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Overtime: Cash or Comp Time?

If you’ve worked overtime before, you probably know that overtime pay is calculated differently depending on whether the total number of hours you work in a week is under 40 hours or over 40 hours. What you might not know is that any overtime hours you work up to 40 hours in a week can either be paid to you as cash or as time off. This means that you can be paid in cash at your standard rate of pay or you can be paid out in compensatory time (“comp time”). Comp time is time-off that you can bank for later use.

It’s important to know that you can’t be required to take the pay as comp time — that choice always rests with you — and this is laid out in the HUCTW contract (below). You can also request to get paid out for your accrued comp time at any point.

However, keep in mind that this only applies to overtime hours under and up to 40 hours per week. Any overtime you work above 40 hours in a given week must be paid to you in cash, at 1.5 times your standard rate of pay. There is no “comp time” option for hours worked above 40.

These policies are detailed below, in the HUCTW contract.

If you encounter any problems with overtime compensation and would like assistance or advice, please reach out to HUCTW. We can help you strategize confidentially about how best to address your situation.


Every non-exempt employee who works beyond her/his regularly scheduled hours has a right, guaranteed by law, to be appropriately compensated for extra time worked.

  1. In calculating hours worked for overtime purposes, all hours “paid” are considered hours “worked.” That is, extra hours worked in a week where a paid absence also occurs (a holiday, sick day, vacation, etc.) are compensated according to overtime policy. There is one exception: Comp time hours “paid” are not considered hours “worked.”
  1. Occasions may arise which necessitate unanticipated overtime work. Employees should try to accommodate such needs of the workplace, but should not be required to do so if they have a prior conflicting commitment which they cannot reasonably alter. If such instances become routine, the situation should be evaluated and discussed by the employee’s supervisor.
  1. Employees are not expected to work overtime beyond the occasions referred to in paragraph 2 (above) unless it is part of their job description, understood by them before hiring, or agreed to in the event of a reasonable need for change in the job.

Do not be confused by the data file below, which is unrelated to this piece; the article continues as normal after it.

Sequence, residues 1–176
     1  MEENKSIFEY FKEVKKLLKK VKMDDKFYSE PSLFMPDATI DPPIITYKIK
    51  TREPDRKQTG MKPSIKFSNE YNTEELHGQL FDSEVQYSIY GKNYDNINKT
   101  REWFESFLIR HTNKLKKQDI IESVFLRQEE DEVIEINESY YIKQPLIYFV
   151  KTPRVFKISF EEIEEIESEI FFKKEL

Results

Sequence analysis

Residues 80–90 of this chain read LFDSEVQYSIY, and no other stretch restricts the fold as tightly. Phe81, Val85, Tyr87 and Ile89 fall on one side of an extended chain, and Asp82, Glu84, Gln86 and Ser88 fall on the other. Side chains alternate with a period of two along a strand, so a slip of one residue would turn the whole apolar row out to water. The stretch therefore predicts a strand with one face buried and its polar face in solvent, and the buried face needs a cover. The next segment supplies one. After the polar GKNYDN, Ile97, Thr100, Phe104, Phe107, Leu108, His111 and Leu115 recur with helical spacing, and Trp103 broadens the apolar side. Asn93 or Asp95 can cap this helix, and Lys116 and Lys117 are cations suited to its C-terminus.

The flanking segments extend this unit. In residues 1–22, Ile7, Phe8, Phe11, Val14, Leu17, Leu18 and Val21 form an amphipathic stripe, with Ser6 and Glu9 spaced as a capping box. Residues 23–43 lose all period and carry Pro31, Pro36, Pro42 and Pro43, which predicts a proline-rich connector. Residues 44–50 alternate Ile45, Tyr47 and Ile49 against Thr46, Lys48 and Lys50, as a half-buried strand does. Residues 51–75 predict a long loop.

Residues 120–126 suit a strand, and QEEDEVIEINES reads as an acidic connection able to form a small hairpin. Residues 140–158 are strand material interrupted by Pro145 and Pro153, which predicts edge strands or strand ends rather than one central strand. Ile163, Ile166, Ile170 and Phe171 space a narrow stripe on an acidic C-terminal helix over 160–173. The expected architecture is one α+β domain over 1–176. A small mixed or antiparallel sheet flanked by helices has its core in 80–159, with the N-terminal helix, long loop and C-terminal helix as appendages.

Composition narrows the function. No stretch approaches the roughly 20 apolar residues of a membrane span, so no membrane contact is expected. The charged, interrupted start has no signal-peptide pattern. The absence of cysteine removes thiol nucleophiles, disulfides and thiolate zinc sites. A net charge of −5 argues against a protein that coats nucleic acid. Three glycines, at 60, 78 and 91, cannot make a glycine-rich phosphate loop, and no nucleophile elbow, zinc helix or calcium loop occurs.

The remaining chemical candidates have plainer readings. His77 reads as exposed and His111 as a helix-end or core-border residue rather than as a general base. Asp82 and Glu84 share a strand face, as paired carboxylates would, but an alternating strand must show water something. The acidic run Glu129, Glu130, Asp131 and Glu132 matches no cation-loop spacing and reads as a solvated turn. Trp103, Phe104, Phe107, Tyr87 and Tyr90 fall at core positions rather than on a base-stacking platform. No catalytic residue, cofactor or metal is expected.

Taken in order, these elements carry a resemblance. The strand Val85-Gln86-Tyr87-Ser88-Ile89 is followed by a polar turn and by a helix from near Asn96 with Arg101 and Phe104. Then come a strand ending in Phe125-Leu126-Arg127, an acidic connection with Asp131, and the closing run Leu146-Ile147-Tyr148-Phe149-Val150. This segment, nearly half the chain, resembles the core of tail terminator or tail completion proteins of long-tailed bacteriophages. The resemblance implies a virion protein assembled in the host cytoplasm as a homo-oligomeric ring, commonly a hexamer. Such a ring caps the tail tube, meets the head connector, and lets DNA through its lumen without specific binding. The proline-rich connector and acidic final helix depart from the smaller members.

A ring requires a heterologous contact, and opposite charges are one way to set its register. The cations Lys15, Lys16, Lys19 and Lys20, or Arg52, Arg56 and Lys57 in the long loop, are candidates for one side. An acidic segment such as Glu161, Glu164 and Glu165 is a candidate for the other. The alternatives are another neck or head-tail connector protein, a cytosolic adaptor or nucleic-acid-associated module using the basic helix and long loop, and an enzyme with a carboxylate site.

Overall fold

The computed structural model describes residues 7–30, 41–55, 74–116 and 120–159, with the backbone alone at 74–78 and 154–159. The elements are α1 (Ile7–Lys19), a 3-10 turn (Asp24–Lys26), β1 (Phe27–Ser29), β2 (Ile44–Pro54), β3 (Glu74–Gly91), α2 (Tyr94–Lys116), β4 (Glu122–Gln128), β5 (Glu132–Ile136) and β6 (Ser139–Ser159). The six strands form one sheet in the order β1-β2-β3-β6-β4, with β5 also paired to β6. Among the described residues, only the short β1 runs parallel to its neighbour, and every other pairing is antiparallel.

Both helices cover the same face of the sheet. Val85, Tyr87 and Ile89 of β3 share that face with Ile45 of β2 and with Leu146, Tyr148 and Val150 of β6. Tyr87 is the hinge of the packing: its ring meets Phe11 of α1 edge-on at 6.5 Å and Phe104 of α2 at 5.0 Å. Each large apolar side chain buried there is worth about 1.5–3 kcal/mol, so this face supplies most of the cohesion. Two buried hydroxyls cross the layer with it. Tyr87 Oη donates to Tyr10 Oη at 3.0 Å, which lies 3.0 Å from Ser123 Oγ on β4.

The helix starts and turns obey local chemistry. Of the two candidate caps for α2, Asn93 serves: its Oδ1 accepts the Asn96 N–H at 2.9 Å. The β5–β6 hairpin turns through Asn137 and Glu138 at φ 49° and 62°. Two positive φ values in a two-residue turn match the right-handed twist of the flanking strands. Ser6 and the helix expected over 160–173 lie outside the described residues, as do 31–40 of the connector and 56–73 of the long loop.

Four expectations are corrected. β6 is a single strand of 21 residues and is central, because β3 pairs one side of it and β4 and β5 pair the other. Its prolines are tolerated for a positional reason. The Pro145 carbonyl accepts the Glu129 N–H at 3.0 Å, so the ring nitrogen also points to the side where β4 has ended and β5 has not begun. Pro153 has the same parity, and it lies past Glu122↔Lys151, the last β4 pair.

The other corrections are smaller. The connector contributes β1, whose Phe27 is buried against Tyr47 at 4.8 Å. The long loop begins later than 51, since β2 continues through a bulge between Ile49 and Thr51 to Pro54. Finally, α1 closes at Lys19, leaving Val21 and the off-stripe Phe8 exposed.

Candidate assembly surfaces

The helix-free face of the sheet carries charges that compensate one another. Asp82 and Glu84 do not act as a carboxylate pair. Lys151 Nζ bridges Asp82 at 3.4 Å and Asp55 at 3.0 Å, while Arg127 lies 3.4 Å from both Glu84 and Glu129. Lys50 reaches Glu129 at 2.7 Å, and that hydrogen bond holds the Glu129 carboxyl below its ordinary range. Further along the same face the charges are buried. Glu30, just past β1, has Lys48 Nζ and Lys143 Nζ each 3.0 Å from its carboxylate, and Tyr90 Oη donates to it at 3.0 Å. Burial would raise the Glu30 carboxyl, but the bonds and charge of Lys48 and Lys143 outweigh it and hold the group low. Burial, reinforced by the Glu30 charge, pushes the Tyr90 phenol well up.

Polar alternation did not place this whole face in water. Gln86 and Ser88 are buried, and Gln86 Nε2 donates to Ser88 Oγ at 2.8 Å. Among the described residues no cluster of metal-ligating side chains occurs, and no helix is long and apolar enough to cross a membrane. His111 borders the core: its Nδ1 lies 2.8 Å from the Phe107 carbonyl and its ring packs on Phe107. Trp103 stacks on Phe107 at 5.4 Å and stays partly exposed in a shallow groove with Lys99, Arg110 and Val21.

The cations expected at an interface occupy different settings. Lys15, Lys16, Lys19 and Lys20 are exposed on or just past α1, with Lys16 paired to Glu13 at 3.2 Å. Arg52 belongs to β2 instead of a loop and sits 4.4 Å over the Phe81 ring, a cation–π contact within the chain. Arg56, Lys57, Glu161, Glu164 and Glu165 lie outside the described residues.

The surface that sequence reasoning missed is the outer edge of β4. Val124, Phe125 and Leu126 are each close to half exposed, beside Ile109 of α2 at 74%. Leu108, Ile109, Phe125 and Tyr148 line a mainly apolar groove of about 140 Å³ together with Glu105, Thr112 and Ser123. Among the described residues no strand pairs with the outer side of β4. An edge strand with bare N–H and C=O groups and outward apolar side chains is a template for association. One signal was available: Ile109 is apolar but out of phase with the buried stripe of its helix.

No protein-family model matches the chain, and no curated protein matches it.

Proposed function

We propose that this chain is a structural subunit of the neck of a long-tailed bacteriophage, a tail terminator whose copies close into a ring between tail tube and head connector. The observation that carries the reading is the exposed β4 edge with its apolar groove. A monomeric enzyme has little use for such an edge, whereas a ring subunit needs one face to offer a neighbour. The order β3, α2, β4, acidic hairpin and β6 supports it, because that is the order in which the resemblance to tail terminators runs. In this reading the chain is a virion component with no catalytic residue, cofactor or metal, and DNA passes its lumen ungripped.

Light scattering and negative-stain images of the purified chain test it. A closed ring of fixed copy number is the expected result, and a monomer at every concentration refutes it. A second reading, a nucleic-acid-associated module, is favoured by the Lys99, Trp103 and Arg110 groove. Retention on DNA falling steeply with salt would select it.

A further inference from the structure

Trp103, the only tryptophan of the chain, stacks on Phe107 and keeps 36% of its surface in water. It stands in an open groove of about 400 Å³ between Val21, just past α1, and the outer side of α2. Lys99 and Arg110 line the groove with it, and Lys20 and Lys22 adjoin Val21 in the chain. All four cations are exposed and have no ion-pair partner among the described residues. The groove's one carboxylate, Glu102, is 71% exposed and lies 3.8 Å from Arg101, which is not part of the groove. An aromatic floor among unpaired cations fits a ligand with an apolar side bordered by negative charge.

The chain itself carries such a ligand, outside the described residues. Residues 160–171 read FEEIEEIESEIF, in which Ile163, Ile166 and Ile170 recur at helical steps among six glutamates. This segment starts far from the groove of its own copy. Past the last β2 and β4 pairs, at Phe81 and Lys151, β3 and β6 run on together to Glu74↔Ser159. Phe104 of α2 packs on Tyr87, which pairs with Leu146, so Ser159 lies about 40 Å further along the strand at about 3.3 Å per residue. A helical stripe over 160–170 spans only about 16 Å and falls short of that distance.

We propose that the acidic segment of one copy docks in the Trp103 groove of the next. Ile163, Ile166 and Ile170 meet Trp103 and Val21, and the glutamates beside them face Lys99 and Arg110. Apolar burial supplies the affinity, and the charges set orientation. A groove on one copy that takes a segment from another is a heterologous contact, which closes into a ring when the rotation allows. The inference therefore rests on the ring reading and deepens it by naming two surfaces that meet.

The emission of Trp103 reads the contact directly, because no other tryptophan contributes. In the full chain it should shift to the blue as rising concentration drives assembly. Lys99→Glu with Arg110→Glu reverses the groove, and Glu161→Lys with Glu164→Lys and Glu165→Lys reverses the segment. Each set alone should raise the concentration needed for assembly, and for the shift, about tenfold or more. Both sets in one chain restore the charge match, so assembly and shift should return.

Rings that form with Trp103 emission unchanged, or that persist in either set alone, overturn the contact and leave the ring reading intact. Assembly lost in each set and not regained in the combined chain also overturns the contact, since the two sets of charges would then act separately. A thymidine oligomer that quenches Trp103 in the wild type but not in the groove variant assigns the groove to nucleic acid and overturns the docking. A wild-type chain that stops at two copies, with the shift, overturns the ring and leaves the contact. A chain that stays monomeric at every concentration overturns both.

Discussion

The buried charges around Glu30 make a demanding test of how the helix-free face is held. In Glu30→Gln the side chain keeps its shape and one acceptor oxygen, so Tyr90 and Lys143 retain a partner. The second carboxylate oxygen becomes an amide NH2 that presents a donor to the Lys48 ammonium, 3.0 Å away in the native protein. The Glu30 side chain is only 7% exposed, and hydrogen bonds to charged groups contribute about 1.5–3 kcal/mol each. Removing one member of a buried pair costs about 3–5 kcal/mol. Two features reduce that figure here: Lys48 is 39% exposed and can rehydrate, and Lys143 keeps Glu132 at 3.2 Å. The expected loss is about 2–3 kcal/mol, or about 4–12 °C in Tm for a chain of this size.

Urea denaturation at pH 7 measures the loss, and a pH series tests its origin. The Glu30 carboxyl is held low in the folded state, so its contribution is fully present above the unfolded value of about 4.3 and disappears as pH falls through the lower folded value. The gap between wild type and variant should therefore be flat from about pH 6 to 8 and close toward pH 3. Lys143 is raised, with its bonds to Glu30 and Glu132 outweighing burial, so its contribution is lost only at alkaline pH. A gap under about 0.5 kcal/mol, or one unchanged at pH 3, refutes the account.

1. Refusal to work any overtime that is not part of an employee’s job description will not be reflected in an employee’s overall performance evaluation.
  1. Some offices at Harvard regularly provide their employees with opportunities to work overtime. Where such overtime work is not specialized and calls on the generic
    abilities of any of the employees in the office, all employees in that office should have equitable access to such overtime, if they so desire.
  1. Ordinarily, overtime arrangements will be authorized in advance by the supervisor.
  1. Harvard’s workweek begins Sunday at 12:01 a.m. and ends the following Saturday at 
midnight. The following overtime compensation requirements apply:

Overtime for Hours Over 40. An employee who works over 40 hours during a particular workweek must be paid time and one-half the regular hourly rate for all hours worked over 40 hours in that workweek

Overtime for Hours under 40 and Use of Compensatory Time. An employee who works more hours than her/his regular schedule but not more than 40 hours during a particular workweek may either:

Be paid straight time (regular hourly rate) for these additional hours,


Assign to him/herself the right to receive compensation for these hours at a future date by banking these hours in a non-interest-bearing compensatory time off account for future use as paid time off. While the time off should be arranged with the supervisor, employees may request the financial compensation at any time. Employees will not be able to accrue more than 40 unused compensatory hours, and although these hours may be carried over from year to year, they must be paid out at termination and will ordinarily be paid out at the time of transfer to another position.

(Excerpt from the Harvard-HUCTW Personnel Manual, pages 31-32)

If you encounter any problems with overtime compensation and would like assistance or advice, please reach out to HUCTW. We can help you strategize confidentially about how best to address your situation.